Do Differently

  • Make my shades at least 2 inches wider on each side rather than the 1 inch I used.  2 inches would have left room for inconsistencies in the window dimensions and installation issues.
  • Where possible plan ahead to use full widths of the cover fabric rather than worrying about the exact length of the blind.  It would not be noticeable in my room if one blind was hung at a different height above the window than the others.
  • Spray the scotch guard on the blinds before you install them  I learned this after the first one.

Tuesday, January 4, 2011

Warm Window Shades

If you’re like me you are probably sick and tired of the chill you feel on the back of your neck when sitting in front of your window or feeling the chill in your bedroom when you’re getting ready for bed.  If so, I have found a solution that is much less expensive and more effective than spending $1000’s on replacement windows, Warm Window Shades.

This is the first in a series of short articles about Warm Window Shades and my adventure in making them for my home.

I first heard about warm window fabric from a student who took my home maintenance class, “The Morning After Closing”.  I decided to do some research for myself and this is what I found.

What is Warm Window Fabric?  Warm Window fabric is a four layered insulated fabric consisting of (1) a moisture resistance lining, (2) high density needled hollow fibers, (3) reflective polyethylene vapor barrier, (4) metalized Poly with needled air-trapping polyester fibers.  This fabric is the basis of the Warm Window Shade.

How does it compare to standard windows for insulating ability?  Let’s compare R-Values.  As a reminder R-Value is the measurement of a material’s resistance to the flow of heat.  The higher the R-Value the greater the capacity of the material for insulating. For comparison:  An old style single pane window has and R-Value of about R-1 and typical double pane window range from R-2 to R-3 depending on the quality.  Adding a Warm Window Shade can increase the R-Value to R-7.5 something no window currently on the market can achieve on its own.

How much will it cost to make and install a Warm Window Shade?
  I have made 4 roman style shades of varying sizes.  The average cost of materials was $80/shade.  It took me an average of 3 hours to make each shade and about 1 hour to install.

Where can I get the materials?  I found my materials and accessories at Denver Fabrics (2777 W Belleview Ave, Littleton, Colorado 80123 (303) 730-2777)  You can also buy material online at .  Because some idiot sued them when a child got hurt in a shade drawstring they no longer sell the components for the roman shade but the fabric store had everything I needed.  They do have materials for other shade styles.

Are there instructions for making my own shades?  I purchased a booklet on how to make a variety of different shade types at the fabric store.  I also found that some instructions could be downloaded from the Warm Window website.  You cannot find the instructions for the roman shade at their site because of the law suit.  If you’d like a copy please let me know or call Denver Fabrics to see if they have any more instruction booklets.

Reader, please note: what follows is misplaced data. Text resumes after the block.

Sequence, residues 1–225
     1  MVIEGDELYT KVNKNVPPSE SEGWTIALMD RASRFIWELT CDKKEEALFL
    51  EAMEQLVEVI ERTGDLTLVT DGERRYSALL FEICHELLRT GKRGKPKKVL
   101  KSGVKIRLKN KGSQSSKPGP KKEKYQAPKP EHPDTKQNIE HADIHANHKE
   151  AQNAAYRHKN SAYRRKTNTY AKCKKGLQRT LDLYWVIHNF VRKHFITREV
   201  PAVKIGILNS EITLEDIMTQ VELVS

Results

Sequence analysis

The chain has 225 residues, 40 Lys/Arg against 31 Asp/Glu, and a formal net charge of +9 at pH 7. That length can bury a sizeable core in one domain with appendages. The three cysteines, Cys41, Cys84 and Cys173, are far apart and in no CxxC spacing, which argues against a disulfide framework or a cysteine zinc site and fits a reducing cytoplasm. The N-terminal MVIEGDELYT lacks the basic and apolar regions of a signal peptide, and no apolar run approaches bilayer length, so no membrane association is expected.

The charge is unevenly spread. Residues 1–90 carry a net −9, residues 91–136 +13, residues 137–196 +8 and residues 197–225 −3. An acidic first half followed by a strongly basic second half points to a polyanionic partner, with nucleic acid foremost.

My next few posts will be about what I went through and discovered while making my shades.  My next project will be to make side draw shades for the large exterior door in our family room.

Monday, January 3, 2011

5 Important things to think about when buying hand tools

Do you need a new set of hand tools or do you need to replace one?

If you do, you might be tempted to just run out to your local hardware store and buy the cheapest one you can find, and I don't blame you.  Who wants to spend a lot of time doing research on an item that will most likely cost less than $20?  Although  most hand tools are not very expensive, especially when compared to the cost of a new power tool, you might want to consider a few things before heading out to the store.

5 things to think about:
  1. Warranty/Quality - Does the hand tool come with a warranty? Several brands such as Craftsman and Ace Hardware come with lifetime warranties for all hand tools.  Why not buy a tool that is guaranteed to last?
  2. Supplier/Manufacturer’s reputation – Who is giving you the guarantee? A warranty is only as good as the company providing it. A lifetime warranty from a company that may not be here tomorrow is not worth anything.  Be sure the store and the manufacturer have a reputation you can count on. 
  3. Comfort – Is the tool comfortable to hold and use?  I know from personal experience that if the tool is not easy or comfortable to use it will never leave my tool box.  Hold the tool in your hand and see how it feels. This is especially important if you have extra small or extra large hands.
  4. Function – Is it the right tool for the job?  Buying a tool that is too big, too small or just a little bit ‘off’ is not worth the money no matter how much you are spending or think you are saving.  Also buying a ‘multi-purpose’ tool that does 10 different things when you only need it to do 1 thing may not be worth buying.
  5. Cost – How important is it? In general hand tools are not very expensive and it is worth spending a few extra dollars to get a high quality tool with a life time guarantee from a reputable source.